Here are the facts as I know them with the proviso that I won't claim to be an expert. Khadr was a relatively young teen who had been intensely socialized. Along with other family members he was in Afghanistan working with al-Qaeda. The US and other forces invaded, he was a driver for an important person in that organization. A firefight ensued and he threw a grenade at people who, he had been taught since birth, were the enemy. And, not just the enemy but evil. This grenade killed a soldier, a good man leaving a heartbroken family behind.
Much of the critical commentary on Khadr's treatment has suggested that a grave injustice has been done in his case. He was a child who had not had a neutral upbringing. He was involved in a firefight and a war -- even if it was not called that -- was in progress. How is one supposed to respond to a war if one believe one is being invaded? Is he a child soldier under the UN definition? Here is what I know.
- No conviction is going to bring back the dead soldier.
- The discourse of victim and guilty party does not work well in this case.
- His trial and guilty plea (or, conviction if it had come to that) were needed because those who supported al-Qaeda needed to be branded as bad people and the organization could not be recognized as a legitimate military organization even if it was responding to an invasion.
Yet, this way of thinking runs counter to the effective fighting of wars and that is why it is not part of any official discourse. If governments admit that they are sending people to kill other people whose only crime was intense socialization by their parents ... well ... that doesn't go over very well on the home front, does it? If we concede that the people who are cast as bad (as terrorists and murderers) might be ordinary people much like us, well ... that doesn't go over very well on the homefront, does it? It seems to me vitally important that we remember these things.
It also seems to me vitally important that we consider the implications of people doing horrible things who might not be guilty in the way we understand the word normally. It seems to me that if we lose cite of this idea we run the risk of being no better than the ideologues and fundamentalists we condemn. Finally, it seems to me vitally important that we hold out the hope of reconciliation and reform. I don't expect Christopher Speer's widow will ever embrace Omar Khadr. No one should ever blame her for that. As a society, however, we have to hold out the possibility that people who have done horrible things can still make amends and can strive for forgiveness. And, if we say (however understandable this may be from an individual perspective) that we will never forgive ... what are we saying? We are saying that we will abandon the hope of reconciliation; we will abandon the hope of people changing.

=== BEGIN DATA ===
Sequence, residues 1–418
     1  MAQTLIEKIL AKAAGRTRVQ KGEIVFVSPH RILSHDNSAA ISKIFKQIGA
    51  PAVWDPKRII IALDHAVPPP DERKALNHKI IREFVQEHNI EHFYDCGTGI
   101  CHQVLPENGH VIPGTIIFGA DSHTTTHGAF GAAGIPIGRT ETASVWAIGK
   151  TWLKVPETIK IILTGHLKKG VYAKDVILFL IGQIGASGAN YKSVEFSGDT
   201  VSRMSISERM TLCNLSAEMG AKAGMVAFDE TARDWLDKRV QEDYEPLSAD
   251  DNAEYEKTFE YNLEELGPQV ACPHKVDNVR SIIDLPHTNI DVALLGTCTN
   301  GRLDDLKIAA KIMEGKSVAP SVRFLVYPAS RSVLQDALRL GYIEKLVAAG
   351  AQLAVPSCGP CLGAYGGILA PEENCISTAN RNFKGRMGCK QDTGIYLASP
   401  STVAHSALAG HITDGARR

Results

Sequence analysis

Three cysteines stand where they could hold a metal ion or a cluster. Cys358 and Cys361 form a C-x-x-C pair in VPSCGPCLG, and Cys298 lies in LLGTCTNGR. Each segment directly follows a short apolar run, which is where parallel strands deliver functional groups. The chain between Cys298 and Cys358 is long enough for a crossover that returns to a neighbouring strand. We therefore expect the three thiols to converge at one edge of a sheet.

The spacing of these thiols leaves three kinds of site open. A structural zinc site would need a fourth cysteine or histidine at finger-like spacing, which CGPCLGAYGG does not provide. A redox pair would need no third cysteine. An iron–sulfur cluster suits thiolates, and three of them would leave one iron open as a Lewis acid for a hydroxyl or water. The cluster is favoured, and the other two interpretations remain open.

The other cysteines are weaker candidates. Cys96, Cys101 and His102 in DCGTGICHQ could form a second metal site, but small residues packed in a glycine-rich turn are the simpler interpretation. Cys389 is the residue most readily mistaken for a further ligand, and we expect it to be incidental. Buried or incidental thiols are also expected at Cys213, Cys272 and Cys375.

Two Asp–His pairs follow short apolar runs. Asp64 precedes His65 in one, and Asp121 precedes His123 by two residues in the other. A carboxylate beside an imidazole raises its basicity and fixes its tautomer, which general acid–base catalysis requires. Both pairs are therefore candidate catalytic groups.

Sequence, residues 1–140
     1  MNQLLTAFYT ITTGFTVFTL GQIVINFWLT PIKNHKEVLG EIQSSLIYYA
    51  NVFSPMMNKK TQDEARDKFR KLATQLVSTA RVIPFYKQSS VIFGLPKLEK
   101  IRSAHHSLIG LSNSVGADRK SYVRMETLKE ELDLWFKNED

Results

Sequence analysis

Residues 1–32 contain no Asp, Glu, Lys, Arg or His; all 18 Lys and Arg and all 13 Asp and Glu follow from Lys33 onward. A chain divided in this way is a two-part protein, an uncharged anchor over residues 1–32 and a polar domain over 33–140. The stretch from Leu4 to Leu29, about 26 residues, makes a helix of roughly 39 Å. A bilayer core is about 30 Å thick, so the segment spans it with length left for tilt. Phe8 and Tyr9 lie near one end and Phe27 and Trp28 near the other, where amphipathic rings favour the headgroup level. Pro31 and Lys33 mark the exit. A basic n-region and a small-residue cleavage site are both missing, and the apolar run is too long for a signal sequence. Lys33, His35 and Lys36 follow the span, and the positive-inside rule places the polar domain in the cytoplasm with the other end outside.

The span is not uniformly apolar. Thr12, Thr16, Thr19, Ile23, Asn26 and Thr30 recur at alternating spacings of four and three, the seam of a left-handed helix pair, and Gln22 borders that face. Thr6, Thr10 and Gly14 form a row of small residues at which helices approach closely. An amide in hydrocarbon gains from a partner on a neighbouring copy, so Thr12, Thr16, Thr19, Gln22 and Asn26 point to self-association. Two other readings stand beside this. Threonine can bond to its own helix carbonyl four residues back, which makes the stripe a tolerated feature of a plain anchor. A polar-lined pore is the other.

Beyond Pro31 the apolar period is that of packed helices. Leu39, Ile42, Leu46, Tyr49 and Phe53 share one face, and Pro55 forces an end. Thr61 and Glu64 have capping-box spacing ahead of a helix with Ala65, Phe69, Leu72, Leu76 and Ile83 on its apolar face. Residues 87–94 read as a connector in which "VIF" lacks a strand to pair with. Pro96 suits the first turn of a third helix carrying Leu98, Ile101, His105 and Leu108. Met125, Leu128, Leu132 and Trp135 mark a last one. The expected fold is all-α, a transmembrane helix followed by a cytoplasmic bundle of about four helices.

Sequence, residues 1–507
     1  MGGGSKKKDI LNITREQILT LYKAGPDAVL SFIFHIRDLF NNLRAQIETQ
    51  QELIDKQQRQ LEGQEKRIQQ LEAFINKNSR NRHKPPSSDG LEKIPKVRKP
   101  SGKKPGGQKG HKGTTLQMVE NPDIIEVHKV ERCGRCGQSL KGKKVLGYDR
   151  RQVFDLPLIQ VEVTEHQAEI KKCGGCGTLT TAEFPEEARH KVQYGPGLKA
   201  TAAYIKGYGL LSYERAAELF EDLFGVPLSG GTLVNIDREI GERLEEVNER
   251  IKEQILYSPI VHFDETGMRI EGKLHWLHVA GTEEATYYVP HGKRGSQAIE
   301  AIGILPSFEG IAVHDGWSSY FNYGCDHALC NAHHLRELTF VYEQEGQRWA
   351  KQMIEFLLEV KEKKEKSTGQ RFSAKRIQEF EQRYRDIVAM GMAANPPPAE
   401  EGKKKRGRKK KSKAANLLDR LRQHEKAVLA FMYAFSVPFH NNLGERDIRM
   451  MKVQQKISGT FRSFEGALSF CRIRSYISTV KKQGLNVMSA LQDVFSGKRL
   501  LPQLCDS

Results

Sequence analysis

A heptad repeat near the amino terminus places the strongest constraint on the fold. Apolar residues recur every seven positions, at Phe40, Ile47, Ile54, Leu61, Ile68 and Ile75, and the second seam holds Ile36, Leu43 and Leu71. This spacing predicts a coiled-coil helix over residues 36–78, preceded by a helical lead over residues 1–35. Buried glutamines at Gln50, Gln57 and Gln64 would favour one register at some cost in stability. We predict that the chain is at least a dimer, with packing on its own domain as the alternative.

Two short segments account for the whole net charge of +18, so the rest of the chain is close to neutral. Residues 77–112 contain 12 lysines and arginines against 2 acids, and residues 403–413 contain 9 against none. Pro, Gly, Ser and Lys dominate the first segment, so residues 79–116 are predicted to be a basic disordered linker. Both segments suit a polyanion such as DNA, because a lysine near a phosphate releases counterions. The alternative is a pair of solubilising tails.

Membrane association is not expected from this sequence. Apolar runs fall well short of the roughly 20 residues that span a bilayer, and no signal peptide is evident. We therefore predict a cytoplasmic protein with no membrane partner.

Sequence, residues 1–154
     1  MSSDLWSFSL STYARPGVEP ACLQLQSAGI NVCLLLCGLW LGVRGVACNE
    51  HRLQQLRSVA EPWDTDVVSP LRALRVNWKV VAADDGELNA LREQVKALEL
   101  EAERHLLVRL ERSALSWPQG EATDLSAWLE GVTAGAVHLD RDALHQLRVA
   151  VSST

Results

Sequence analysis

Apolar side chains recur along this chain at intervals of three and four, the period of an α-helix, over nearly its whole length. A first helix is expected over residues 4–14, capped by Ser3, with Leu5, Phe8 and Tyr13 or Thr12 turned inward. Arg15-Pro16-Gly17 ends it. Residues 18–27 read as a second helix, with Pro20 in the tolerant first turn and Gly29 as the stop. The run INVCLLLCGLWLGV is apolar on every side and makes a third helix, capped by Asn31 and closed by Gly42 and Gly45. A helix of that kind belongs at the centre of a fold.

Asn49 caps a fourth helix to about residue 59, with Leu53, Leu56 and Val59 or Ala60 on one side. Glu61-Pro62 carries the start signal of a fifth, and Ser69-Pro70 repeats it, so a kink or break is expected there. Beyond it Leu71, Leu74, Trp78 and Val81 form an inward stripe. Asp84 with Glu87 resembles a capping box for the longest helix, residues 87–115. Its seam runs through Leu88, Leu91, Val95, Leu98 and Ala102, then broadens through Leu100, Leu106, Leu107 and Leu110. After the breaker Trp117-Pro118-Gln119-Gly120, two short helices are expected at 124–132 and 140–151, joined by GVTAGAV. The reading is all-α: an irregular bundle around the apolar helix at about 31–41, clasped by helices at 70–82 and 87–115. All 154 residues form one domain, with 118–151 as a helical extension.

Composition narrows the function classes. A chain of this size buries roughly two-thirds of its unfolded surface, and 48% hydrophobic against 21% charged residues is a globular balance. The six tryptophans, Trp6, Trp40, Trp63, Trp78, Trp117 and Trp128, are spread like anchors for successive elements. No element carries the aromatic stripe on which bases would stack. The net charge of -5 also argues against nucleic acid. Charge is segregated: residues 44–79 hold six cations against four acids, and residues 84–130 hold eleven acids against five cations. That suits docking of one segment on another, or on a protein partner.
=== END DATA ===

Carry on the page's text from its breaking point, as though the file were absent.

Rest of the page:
What happens if we change our thinking? What happens if we hold out the hope that real change in individuals is possible? What happens if we hold out the idea that those people who are our enemies are not bad people? What happens if we think about the mental competence of child soldiers placed in violent situations? Can we find a way to think beyond the victim/guilty dichotomy? I have mentioned a couple of times in this blog that I'm a Christian. Let me be even clearer: I self identify as an evangelical Christian. There is no doubt that this perspective colours my views. I don't like to judge others (that is not moral relativism on my part as any one who knows me will tell you, but judgement is God's business; not mine); Jesus always forgave and those who follow Jesus must follow his model. And, Jesus did not give up. So ... I won't.
Many of those who condemn Khadr are Christians as well, evangelicals in fact, so you can likely easily find a different view from mine. My take, however, is that the principles laid down in The Bible regarding forgiveness, judgement, etc., are good principles that should be followed. They might, in fact, help us think this issue differently and think our responses in a different way.